Written by: Cameron Chaddad & Eddie Benhin
This decade has flown by Sens fans. It seems like just yesterday Kyle Turris was scoring game winning goals for the team and igniting the crowd. It was nine years ago today that the team made the move to acquire the disgruntled Coyotes forward. This trade would go on to change the course of the franchise’s history and help captivate a whole new generation of Senators’ fans. The first thing we’re going to take a look at is the trade itself.
The trade that brought Turris to Ottawa from the then Phoenix Coyotes saw the Sens trade David Rundblad and a 2012 second round pick for Turris. That second round pick would be traded two more times before finally being used by the Philadelphia Flyers to select goalie Anthony Stolarz. Stolarz NHL career has been relatively uninspiring so far, only playing 26 NHL games and racking up a minuscule six wins. A fun little side note, this same draft pick was also used in trades to acquire Antoine Vermette and Sergei Bobrovsky.
In terms of actual players exchanged this deal is not even close in terms of value. Rundblad would only play part of three seasons with the Coyotes, spending most of his time in the AHL with Portland. Turris on the other hand, played parts of seven seasons with the Senators. He would surpass 20 goals and 50 points three times with the Sens. He was also a key member of some of the greatest team moments of the past decade. His on and off-ice contributions to Ottawa were invaluable to this city and this trade was without a doubt a slam dunk win for the organization. Now let’s take a look at what the Turris era was like in Ottawa.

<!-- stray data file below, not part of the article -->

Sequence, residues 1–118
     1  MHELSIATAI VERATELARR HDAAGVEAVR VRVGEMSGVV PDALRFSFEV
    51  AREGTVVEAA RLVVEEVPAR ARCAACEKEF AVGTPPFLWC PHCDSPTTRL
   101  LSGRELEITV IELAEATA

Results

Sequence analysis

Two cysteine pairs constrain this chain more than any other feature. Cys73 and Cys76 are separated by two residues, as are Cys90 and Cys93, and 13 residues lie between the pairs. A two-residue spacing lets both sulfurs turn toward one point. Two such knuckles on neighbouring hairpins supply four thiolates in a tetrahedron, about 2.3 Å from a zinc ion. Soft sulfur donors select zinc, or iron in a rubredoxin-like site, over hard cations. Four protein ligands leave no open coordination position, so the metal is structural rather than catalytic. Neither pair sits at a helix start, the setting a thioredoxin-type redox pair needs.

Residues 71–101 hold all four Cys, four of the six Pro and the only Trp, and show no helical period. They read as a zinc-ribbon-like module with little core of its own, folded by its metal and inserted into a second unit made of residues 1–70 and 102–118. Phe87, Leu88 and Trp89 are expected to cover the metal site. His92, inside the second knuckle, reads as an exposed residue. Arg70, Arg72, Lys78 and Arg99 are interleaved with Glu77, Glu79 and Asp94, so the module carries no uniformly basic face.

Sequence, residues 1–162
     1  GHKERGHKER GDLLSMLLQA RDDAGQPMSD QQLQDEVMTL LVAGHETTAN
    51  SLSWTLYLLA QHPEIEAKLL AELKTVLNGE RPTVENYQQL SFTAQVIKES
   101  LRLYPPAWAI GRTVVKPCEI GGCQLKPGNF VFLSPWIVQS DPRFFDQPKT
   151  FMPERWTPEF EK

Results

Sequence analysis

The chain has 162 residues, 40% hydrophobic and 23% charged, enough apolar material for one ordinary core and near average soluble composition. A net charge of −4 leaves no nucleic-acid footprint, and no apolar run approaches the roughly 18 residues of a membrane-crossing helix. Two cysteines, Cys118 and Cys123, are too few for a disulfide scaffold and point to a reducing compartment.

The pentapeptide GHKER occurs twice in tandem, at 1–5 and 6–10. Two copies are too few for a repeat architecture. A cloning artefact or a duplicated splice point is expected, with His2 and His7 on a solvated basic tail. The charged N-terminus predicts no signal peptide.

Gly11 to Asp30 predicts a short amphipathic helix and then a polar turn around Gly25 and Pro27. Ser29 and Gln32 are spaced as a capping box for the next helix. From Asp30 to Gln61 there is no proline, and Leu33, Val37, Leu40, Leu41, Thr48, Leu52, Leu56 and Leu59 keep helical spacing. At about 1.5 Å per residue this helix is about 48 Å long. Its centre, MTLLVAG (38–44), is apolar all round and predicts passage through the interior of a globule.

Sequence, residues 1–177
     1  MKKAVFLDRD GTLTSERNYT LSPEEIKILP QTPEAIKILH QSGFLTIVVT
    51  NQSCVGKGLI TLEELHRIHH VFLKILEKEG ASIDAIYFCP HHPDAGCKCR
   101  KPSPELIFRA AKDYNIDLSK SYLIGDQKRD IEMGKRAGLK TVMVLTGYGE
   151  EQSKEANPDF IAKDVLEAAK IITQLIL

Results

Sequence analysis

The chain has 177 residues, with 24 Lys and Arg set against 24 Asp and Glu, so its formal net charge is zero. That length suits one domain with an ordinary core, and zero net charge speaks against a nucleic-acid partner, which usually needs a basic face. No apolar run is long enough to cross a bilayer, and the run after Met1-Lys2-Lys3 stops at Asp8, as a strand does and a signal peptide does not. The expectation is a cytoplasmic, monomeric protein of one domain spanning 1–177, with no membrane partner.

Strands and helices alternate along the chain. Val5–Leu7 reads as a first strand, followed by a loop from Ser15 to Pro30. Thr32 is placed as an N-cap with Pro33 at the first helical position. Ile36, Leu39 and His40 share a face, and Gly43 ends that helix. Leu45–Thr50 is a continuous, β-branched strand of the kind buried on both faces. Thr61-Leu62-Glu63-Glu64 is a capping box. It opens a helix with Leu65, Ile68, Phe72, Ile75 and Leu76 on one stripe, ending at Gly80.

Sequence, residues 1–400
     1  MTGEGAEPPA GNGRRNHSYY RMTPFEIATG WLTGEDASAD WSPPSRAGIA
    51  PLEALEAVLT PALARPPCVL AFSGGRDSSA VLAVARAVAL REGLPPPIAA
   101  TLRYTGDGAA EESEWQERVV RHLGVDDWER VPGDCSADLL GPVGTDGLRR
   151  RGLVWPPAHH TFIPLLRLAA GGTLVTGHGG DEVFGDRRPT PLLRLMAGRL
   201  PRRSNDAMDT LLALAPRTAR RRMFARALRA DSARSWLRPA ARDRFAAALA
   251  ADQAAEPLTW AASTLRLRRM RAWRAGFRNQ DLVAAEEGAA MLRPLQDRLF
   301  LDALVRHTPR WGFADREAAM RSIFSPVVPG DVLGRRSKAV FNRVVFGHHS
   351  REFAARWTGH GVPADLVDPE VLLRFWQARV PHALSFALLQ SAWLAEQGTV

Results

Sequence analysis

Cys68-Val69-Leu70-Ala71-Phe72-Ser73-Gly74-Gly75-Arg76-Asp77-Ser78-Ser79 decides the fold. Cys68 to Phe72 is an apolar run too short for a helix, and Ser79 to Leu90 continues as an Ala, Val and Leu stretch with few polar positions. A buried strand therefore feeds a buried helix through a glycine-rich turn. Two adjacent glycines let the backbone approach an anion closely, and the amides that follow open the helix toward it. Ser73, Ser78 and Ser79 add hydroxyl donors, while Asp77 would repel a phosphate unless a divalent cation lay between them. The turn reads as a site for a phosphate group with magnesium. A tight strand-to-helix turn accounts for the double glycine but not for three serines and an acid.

Turris was a top center for the Ottawa Senators. Playing in 407 games, he ended his time in Ottawa with 274 regular season points, 117 of them being goals and 157 assists. Despite the various head coaches he was playing for, he was always critical to the Senators offence… something that is missing right now on the current team. Turris was also very critical in the playoffs. In 42 appearances he finished with 24 points, half of them being goals. Sens fans will remember his two most famous overtime goals:
There is no doubt that Turris and his infamous gold chain was a top player for the team. However, some can argue that it was what he and his wife Julie did off the ice that will be remembered the most. Turris spent most of his off time with the Capital City Condors: “A family of ice hockey teams for those who are unable to play on any other hockey team due to a cognitive and/or physical disability” (Capital City Condors). It was only once the Turris family left Ottawa that stories began to come out about the impact he had with the Condors.
Turris was a fantastic hockey player for the Sens and an even better person off the ice. Looking back at the Matt Duchene trade, where Ottawa traded Turris away, I believe many Sens fans now realize that it wasn’t the right decision. Turris, even at the age of 31 would have been very valuable on this team playing in a veteran role. His quality of play decreased somewhat in Nashville but he is now looking to rebound this season with the Oilers. I think all Sens’ fans can agree that we want to see him succeed. It has been an interesting nine years since the team made this trade to say the least.